Cooler Master MasterLiquid Pro 280 Review: The Strong, Silent Type
A Closer Look at the MasterPro Liquid 280
All Cooler Master MasterLiquid AiO units share the same new dual chamber pump/block design compared to the more compact Nepton series. This dual-chamber design feeds the cool liquid in from the upper chamber while the warm liquid exits from the bottom chamber directly. In the older model CLCs, there was a tendency for some of the heated up liquid to reside in the chamber because of the smaller space and since everything is on the same level.
The entire area of the new pump block is transparent with an etching of the Cooler Master logo, although users cannot see the actual internal working components of the pump through it.
The radiator on the MasterLiquid Pro 280 measures 27mm thick and has less rounded edges than the previous generation Nepton models. It also has a new 24 FPI square fin design with denser water channels. Together with the increased water channels, the increased fin area contact is for greater heat transfer utilizing a “squarer” fin style. The rest of the radiator body measures 311 x 128mm, supporting up to a pair of 140mm fans per side. There are also mounting holes for 120mm fans as well with 35mm gap between the two fans. The tubing is 350mm in length which is now sleeved with heatshrink on the terminals. There is a fill-port on the edge of the radiator, which is useful for more advanced users but will void the warranty if regular users open it.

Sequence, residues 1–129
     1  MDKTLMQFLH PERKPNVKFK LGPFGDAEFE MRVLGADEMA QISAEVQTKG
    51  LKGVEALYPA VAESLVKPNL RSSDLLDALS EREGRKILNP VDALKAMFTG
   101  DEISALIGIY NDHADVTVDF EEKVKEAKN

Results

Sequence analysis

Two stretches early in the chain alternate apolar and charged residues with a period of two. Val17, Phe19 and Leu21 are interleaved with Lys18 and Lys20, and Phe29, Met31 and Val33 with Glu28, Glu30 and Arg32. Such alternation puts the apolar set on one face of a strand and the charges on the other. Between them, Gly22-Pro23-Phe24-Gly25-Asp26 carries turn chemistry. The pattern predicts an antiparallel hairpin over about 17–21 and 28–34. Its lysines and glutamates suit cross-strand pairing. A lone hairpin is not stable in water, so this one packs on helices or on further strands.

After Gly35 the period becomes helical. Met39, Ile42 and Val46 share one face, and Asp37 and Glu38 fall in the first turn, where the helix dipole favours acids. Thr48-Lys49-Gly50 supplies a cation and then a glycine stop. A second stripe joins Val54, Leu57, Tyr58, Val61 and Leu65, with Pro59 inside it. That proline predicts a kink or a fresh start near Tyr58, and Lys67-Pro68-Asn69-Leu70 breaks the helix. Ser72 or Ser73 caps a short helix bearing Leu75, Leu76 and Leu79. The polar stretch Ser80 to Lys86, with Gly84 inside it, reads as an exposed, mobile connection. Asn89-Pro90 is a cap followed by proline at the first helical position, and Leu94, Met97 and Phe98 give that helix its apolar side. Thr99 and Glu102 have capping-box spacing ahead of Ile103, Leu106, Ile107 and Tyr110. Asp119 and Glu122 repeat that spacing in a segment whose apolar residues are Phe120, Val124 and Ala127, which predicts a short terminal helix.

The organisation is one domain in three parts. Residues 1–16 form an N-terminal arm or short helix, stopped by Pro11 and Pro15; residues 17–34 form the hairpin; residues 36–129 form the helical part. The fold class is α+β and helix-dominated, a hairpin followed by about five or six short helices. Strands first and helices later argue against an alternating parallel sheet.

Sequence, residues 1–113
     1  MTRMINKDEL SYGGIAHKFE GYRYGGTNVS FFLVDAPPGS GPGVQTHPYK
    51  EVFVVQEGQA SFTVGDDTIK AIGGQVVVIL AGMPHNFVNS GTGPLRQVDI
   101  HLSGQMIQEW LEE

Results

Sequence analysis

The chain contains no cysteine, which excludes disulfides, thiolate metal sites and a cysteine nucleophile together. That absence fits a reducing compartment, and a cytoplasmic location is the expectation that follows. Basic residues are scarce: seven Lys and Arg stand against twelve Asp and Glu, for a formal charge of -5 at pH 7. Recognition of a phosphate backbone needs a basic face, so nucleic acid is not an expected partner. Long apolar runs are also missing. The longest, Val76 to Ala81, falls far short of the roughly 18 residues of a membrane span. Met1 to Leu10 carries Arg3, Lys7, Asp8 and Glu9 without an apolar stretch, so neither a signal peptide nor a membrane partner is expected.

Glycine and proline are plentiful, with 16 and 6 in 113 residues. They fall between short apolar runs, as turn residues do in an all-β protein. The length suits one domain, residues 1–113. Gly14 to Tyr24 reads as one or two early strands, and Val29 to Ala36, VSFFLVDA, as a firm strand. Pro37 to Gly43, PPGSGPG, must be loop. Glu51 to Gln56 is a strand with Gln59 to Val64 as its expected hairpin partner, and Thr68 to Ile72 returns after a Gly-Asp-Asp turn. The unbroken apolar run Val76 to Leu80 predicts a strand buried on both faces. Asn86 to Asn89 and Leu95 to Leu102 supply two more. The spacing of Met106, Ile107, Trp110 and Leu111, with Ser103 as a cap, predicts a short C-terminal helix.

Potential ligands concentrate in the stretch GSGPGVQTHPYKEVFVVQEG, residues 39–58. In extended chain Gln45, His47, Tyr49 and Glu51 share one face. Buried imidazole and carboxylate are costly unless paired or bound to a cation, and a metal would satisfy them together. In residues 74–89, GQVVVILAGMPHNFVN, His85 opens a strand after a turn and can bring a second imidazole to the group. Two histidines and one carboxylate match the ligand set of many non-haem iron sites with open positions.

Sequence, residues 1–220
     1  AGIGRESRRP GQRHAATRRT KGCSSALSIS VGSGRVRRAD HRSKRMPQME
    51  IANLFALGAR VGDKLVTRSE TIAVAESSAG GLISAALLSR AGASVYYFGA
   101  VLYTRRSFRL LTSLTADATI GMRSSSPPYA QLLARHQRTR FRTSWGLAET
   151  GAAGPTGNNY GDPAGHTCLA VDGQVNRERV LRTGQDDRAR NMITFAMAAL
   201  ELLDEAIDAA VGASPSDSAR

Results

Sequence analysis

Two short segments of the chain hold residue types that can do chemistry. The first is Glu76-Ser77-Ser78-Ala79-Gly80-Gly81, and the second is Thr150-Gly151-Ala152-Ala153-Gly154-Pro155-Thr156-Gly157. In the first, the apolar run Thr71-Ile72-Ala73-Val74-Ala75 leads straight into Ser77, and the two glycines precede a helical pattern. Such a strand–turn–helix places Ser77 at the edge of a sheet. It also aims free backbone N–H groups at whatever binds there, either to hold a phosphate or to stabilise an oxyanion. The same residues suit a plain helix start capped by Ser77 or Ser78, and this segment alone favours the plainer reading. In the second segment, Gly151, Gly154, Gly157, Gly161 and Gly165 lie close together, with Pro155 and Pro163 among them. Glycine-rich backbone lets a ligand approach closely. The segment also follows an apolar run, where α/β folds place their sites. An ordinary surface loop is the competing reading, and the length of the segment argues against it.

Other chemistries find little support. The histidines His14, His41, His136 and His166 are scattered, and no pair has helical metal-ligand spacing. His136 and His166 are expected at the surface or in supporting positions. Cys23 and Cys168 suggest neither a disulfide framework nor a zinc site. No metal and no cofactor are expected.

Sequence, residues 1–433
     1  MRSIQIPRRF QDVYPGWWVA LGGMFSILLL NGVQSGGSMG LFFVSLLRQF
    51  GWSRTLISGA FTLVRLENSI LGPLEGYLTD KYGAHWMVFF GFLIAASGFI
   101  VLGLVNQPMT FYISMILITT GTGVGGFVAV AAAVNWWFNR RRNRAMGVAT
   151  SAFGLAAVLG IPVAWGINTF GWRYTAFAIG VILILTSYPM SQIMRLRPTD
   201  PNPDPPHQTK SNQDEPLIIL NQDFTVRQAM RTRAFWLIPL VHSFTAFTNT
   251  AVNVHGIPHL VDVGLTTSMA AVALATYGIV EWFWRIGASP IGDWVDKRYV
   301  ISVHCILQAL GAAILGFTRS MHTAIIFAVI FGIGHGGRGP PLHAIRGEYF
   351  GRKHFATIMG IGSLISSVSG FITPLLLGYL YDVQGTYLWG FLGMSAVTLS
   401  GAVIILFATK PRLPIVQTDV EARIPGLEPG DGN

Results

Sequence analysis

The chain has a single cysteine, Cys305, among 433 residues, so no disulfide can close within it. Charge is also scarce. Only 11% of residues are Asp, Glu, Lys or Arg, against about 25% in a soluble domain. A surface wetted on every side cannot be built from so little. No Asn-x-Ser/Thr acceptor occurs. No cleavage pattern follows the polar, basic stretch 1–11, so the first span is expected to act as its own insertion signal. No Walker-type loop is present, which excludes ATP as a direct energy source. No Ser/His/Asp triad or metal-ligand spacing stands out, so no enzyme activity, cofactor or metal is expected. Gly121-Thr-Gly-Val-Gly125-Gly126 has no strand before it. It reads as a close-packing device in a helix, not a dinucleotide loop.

The pump connects via 4-pin PWM with a detachable 140mm long cable which can detach completely which makes modders lives easier. Blue LED shines through the clear top and through a sliver of ring around the unit. With the tubes included, this pump block unit measures 80 x 94.8mm with a main rounded part having 68mm diameter which stands 56.9mm tall.
Underneath, the contact surface is exposed copper with a raised surface providing further clearance for the pump and the motherboard’s components. The actual contact square measures 40.10 x 40.20mm which is more than enough for all current desktop CPUs since Intel’s LGA2011 has a 38x38mm IHS surface area.
The pair of bundled fans with the MasterLiquid 280 is the new MasterFan Air 140 Air Pressure. The blade design is similar to that of the previous generation Cooler Master Silencio series having a lower blade count of only five but have very wide tips that curve prominently and steeply as it approaches the hub in the center. The blades have flow-separation tips as well. The hub measures 44.5mm and the struts on the exhaust side are only slightly curved against relative to the blades. The frame is rounded with rubberized corners similar to previous CM JetFlo fan design for noise dampening.
There are three settings available on the MasterFan Pro 140 AP switch, including a performance mode, a quiet mode and a silent mode. It sounds redundant since Cooler Master decided to call the medium setting the quiet mode. In performance mode, the fan speed supposedly tops out at 2800 RPM, while the quiet mode tops out at 2200RPM and the silent mode caps the fan speed to 1500RPM. This is a good option to have for those using a non-speed control fan-hub.
RPM range as measured by ASUS FanXPert II is displayed below: